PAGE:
I’ve always heard the number of true uninsurables was lower than estimated prior to the ACA. I’ve had a lot of insurance agents tell me that most of those who applied were able to get coverage. But some of them could not get coverage on terms they found desirable. They had to suffer from pre-existing condition exclusions. They had to deal with high deductibles and high premiums. But, then again, high premiums coupled with high deductibles sounds like what is the norm today for middle-age people.

      • Al says:

        Devon, I have a problem with the term “uninsurable”. What does it really mean? To me it means that according to the rules and regulations specified by government an insurer cannot offer an adequate policy that satisfactorily recognizes the risk .

        I decided to move away from my group insurance plan because I knew it would be gone in a number of years. I didn’t want to wait until I was “uninsurable”. Both my wife and I were rejected even though neither of us had significant illnesses in decades. We filed appeals and in 1 year my wife was provided insurance and one year later I was provided insurance as well.I don’t know if either of us ever reached our deductibles on those policies.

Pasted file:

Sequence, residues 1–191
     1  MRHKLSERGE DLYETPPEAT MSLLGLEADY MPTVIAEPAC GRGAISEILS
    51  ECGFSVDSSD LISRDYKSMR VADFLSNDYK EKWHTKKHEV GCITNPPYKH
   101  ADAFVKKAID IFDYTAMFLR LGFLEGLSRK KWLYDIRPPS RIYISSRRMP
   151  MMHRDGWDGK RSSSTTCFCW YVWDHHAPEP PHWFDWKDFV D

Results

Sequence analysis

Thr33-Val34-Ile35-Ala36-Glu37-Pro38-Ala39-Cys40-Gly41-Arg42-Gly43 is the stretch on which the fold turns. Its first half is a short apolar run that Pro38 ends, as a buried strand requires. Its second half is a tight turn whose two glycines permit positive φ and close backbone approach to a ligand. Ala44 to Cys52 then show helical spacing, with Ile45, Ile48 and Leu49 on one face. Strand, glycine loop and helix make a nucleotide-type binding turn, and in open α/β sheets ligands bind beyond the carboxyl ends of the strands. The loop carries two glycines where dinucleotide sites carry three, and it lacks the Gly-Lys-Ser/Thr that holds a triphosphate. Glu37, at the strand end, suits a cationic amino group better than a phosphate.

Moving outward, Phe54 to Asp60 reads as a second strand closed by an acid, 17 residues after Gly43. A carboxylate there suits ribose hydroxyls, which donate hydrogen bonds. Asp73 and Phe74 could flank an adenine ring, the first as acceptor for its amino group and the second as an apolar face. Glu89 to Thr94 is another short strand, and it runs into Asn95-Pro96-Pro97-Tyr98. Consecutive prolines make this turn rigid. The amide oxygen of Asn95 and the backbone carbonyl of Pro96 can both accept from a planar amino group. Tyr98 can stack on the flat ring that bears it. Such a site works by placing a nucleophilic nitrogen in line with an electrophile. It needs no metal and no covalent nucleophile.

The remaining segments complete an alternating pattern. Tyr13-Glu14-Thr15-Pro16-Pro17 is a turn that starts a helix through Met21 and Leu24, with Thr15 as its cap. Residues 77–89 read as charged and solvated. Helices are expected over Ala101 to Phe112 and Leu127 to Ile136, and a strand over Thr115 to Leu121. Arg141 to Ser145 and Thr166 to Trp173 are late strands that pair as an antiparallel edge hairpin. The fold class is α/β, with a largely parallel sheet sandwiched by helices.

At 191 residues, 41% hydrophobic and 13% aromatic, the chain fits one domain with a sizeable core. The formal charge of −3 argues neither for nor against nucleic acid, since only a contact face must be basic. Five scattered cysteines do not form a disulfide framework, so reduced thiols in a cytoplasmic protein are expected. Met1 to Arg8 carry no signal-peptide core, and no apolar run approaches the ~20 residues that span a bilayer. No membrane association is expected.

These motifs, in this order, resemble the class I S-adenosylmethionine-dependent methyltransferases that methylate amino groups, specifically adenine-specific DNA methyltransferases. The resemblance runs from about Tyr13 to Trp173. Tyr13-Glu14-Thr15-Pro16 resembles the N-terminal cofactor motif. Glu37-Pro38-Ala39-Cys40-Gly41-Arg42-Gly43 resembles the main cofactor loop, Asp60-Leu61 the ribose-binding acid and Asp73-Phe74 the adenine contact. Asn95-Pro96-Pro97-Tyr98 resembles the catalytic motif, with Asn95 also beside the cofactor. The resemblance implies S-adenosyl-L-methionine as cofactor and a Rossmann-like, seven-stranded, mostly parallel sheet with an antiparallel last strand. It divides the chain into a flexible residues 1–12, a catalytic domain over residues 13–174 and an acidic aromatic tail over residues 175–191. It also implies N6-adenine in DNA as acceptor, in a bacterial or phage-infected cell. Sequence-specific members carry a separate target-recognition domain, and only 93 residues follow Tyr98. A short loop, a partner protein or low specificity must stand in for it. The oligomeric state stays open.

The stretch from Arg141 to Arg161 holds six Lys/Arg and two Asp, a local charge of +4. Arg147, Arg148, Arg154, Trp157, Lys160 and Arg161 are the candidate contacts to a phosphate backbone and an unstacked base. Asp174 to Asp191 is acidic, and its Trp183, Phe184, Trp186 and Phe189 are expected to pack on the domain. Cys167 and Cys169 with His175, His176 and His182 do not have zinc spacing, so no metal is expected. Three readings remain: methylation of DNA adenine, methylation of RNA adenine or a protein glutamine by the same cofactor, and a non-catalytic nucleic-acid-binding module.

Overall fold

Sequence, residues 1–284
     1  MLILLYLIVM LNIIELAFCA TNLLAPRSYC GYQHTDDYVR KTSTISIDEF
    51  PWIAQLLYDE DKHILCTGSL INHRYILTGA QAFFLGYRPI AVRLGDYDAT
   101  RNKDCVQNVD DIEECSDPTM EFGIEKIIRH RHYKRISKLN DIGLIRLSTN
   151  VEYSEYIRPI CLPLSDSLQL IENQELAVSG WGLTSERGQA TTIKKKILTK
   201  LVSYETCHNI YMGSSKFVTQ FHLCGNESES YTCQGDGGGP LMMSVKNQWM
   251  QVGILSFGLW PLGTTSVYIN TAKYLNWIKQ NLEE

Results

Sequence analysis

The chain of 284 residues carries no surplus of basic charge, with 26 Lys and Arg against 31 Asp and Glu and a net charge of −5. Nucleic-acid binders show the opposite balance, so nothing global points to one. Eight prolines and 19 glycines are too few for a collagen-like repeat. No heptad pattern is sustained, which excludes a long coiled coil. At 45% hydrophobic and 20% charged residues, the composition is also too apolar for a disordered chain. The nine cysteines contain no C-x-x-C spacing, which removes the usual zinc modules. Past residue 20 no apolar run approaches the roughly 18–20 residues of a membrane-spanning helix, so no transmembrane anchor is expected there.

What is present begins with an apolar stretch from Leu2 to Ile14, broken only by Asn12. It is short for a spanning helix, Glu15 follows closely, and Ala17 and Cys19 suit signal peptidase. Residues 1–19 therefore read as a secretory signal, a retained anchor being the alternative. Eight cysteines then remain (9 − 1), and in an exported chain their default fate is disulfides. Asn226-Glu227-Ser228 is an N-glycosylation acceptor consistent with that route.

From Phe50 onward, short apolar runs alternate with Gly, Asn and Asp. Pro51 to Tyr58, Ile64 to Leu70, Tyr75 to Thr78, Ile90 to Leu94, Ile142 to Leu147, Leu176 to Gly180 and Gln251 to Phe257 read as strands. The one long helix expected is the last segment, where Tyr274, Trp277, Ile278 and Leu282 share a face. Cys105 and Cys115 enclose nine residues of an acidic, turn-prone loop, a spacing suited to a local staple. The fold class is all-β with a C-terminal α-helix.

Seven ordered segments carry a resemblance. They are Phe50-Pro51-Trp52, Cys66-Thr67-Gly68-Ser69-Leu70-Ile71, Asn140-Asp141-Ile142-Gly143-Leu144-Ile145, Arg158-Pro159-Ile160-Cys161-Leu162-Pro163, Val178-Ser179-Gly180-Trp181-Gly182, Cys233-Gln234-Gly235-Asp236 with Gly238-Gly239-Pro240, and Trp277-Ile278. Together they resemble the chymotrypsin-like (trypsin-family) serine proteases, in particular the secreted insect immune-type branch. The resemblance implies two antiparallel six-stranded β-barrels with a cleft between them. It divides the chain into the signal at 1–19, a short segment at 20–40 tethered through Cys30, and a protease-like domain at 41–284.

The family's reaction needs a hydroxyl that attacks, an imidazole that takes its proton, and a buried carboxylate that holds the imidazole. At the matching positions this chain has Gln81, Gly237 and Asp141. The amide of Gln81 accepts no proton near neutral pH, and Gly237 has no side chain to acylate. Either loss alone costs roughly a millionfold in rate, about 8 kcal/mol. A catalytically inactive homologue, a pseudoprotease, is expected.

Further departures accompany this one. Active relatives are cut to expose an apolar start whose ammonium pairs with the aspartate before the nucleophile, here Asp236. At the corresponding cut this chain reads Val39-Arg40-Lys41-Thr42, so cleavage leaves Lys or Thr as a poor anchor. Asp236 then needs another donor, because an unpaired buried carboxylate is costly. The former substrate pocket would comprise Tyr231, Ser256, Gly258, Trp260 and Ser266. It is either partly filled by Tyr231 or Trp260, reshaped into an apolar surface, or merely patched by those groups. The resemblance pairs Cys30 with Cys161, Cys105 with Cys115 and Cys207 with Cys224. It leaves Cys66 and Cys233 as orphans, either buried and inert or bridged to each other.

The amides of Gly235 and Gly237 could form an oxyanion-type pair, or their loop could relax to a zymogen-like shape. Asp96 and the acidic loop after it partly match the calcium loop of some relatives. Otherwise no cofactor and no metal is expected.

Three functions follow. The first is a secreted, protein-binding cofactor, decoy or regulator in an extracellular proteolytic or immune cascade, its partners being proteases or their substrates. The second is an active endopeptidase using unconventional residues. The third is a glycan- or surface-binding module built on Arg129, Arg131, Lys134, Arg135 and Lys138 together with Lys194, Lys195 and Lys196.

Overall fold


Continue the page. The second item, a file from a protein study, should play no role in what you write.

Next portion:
Was I really uninsurable or are there certain risks assumed by insurers that don’t exist? A rhetorical question for there are many things insurers worry about when issuing non group insurance including the question why doesn’t he take group insurance.

        I was one of the uninsured that we hear about day after day yet I was able to self pay virtually any bill presented. There must be others that are as lucky or have adequate funds to tailor their insurance to their needs so I think this claim about the uninsurable is mostly a collectivist ruse especially since there is Medicaid, bankruptcy and laws on the books that make hospitals treat anyone with an urgent or emergency condition.

  20. Barry Carol says:

    “You want to raise the amount of the employer exclusion but you never did say that it must be paid for like you always do for employees.”

    What the heck are you talking about, Ron? I’m trying to LIMIT the employer tax preference, not raise it. As I’ve said countless times, I would get rid of it altogether if it were up to me but it’s not up to me so let’s start with an approach that might be able to make it through our political process and phase it down from there. The Cadillac tax has already been deferred for two years and will probably be eliminated altogether if a Republican becomes president.